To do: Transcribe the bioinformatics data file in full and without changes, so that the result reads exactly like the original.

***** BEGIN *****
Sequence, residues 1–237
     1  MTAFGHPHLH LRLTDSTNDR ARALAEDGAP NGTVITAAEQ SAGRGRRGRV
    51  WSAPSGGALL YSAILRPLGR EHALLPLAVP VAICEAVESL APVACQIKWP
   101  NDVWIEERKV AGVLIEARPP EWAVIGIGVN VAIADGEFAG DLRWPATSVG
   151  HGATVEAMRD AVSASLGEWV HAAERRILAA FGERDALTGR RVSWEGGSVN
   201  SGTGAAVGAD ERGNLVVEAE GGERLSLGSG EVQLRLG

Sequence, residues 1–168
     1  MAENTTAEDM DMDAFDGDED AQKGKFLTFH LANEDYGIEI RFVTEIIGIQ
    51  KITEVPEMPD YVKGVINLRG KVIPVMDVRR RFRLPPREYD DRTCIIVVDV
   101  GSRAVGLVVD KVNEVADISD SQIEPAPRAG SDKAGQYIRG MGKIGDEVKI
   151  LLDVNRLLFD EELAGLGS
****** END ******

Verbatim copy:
Sequence, residues 1–237
     1  MTAFGHPHLH LRLTDSTNDR ARALAEDGAP NGTVITAAEQ SAGRGRRGRV
    51  WSAPSGGALL YSAILRPLGR EHALLPLAVP VAICEAVESL APVACQIKWP
   101  NDVWIEERKV AGVLIEARPP EWAVIGIGVN VAIADGEFAG DLRWPATSVG
   151  HGATVEAMRD AVSASLGEWV HAAERRILAA FGERDALTGR RVSWEGGSVN
   201  SGTGAAVGAD ERGNLVVEAE GGERLSLGSG EVQLRLG

Sequence, residues 1–168
     1  MAENTTAEDM DMDAFDGDED AQKGKFLTFH LANEDYGIEI RFVTEIIGIQ
    51  KITEVPEMPD YVKGVINLRG KVIPVMDVRR RFRLPPREYD DRTCIIVVDV
   101  GSRAVGLVVD KVNEVADISD SQIEPAPRAG SDKAGQYIRG MGKIGDEVKI
   151  LLDVNRLLFD EELAGLGS